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A CurtainUp Review
Walking Down Broadway
Walking Down Broadway is more a small and very modest gem than a big sparkling diamond. It's a sweet play, worth seeing mostly for its nostalgic, slice-of-life charm. The rather familiar plot revolves around two mid-America small town girls who've come to New York hoping to find romance, adventure, LIFE. They manage to escape the loneliness and boredom of their Manhattan boarding house, but not without losing a chunk of their homespun innocence.
Elsie (Amanda Jones) the bubbly, chubby one, was said to be modeled on Powell, whose own enthusiasm for all the excitement New York had to offer made her refer to herself as a permanent visitor, long after she was in residence long enough to consider herself a true blue New Yorker. But it's Elsie's more serious and less impetuous roommate Marge (Christine Albright) who falls head over heels in love with Chick (Denis Butkus), another small town innocent abroad. New York reveals its darker side as much a city of heartbreak than hope and joie de vivre for these two young lovers.
While the plot is more than a little reminiscent of the creaky sin-suffer-repent formula that once dominated women's magazine stories, Powell's ability to invest the formulaic with heart and color makes for an enjoyable visit with Powell's group of young outsiders with their noses pressed to the window of life as well as some all-knowing insiders who aren't as cool as they seem.
The Mint is fortunate to have Steven Williford of the Lark Theatre Company for which he so ably directed Pera Palas (review) to insure that Ms. Powell's play is a slice of New York life well spiced with pertinent cultural references and the overall flavor of the city circa 1931. He has firmly guided the young, new to the Mint, cast to play their parts broadly but with conviction. Christine Albright and Denis Butkus are charming as the couple caught in the age old trap of an unwanted pregnancy (yes, it did happen even in the days when virginity was still a big deal!). Amanda Jones portrays Elsie with giggly silliness and enough determination to hold on to the style-conscious Dewey (Ben Roberts) even when he's smitten by the girls' older, been-there-done-that neighbor, Eva Elman (Carol Halstead).
Williford has wisely not reigned in Carol Halstead , but allowed her to play Eva, the blase blonde bombshell whose morals are far below reproach but whose heart is solid gold. Eva, who pretty much steals the show and confirms the opinion of those who likened Powell's wit to Dorothy Parker's; for example, when Marge comments that one of Eva's recent and now departed boyfriends was pretty old, Eva wisecracks "well, he still knows what's happening. I don't mind a man being old but I like him to have a few conscious moments" -- and, when Elsie challenges this with "Why don't you say what you mean -- you like 'em rich", Eva counters with "I don't like 'em to break down and sob over a two dollar check." As Eva's gold digger has a heart of gold so Powell (probably in deference to the era's sin and repent code) gives the love-them-but hate-them Mac (another very broadly drawn characterization by Anthony Hagopian) his comeuppance by ultimately giving his long-suffering girl friend Ginger (Sammy Tunis) what she wants.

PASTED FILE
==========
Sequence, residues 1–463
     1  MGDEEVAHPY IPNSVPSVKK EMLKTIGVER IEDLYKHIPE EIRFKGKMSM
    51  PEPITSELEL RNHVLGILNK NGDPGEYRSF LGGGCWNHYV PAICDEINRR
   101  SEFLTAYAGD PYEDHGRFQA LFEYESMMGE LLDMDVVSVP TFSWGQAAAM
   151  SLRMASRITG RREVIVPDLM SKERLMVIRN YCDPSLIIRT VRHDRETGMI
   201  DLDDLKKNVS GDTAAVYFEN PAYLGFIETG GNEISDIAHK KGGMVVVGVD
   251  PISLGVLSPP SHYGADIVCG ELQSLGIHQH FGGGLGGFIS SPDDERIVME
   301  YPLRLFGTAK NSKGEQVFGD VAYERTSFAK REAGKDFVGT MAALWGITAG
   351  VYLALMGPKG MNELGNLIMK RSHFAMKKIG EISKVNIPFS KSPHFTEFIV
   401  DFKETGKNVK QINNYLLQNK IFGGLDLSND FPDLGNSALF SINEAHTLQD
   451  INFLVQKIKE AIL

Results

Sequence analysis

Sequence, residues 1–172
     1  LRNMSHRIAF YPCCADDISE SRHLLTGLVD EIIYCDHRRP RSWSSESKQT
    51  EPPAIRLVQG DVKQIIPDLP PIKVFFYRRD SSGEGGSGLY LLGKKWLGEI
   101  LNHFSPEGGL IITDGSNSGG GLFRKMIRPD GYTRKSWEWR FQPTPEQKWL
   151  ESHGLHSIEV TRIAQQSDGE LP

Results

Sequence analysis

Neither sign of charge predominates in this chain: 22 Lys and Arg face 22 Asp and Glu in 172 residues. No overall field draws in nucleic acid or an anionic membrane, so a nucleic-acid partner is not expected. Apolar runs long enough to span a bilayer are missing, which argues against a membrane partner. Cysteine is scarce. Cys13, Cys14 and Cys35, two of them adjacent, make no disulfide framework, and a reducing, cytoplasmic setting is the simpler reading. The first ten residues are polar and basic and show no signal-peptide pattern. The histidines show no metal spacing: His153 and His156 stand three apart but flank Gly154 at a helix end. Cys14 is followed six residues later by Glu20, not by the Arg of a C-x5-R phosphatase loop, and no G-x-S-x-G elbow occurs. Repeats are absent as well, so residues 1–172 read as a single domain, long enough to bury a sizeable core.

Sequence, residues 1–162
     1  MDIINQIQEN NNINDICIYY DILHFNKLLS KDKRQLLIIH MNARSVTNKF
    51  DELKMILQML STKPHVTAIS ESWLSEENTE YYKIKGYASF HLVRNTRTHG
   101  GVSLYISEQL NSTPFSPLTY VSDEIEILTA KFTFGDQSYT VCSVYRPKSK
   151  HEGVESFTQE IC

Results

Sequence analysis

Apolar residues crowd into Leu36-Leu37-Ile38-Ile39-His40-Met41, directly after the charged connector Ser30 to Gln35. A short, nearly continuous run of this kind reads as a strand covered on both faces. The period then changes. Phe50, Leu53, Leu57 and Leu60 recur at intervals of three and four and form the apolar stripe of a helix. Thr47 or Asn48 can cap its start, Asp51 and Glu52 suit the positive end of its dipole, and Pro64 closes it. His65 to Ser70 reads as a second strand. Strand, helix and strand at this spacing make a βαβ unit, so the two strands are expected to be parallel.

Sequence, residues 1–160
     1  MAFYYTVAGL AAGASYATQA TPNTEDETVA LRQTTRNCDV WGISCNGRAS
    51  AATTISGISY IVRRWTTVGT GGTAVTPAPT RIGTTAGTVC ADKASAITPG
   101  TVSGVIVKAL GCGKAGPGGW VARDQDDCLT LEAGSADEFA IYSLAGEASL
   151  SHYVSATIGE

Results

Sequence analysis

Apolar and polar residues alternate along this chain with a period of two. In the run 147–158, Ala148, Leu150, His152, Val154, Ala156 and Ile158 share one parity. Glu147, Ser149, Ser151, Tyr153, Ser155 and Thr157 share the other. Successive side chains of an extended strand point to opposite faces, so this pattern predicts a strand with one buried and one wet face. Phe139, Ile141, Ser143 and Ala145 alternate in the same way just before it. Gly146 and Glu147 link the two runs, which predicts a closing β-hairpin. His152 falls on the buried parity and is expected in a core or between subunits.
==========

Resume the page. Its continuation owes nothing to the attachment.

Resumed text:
Unlike most modern presentations which conflate plays written in three acts into two parts. Williford has kept the two intermissions to accommodate Roger Hanna's nicely detailed sets (the girls' digs in acts one and three, and the fellows' apartment in the middle acts). While this seems overly complex for this type of production, I'd suggest staying in your seat during at least one intermission as it's interesting to watch the prop movers at work (all women, probably to go with the all women's plays season). Brenda Turpin's costumes and Jane Shaw's sound design add to the period authenticity.
To conclude, a bit of trivia about the play. The boarding house where Elsie and Marge reside is based on one very similar to the one on West 85th Street where Powell lived when she first came to New York. By the time she wrote Walking Down Broadway, however she was living in the apartment at the 106 Perry Street where she also wrote some of her best known work. And, while this is the play's first stage production, Powell did sell the movie rights to Hollywood for the then princely sum of $7, 500 (more money than she had ever earned from her writing). The movie that resulted, Hello Sister, was directed by Eric von Stroheim but bore little resemblance to the original script.
Finally, you might want to check out our coverage of the 2002 Dawn Powell Festival as well as her many reissued publications, including her trenchant Diaries
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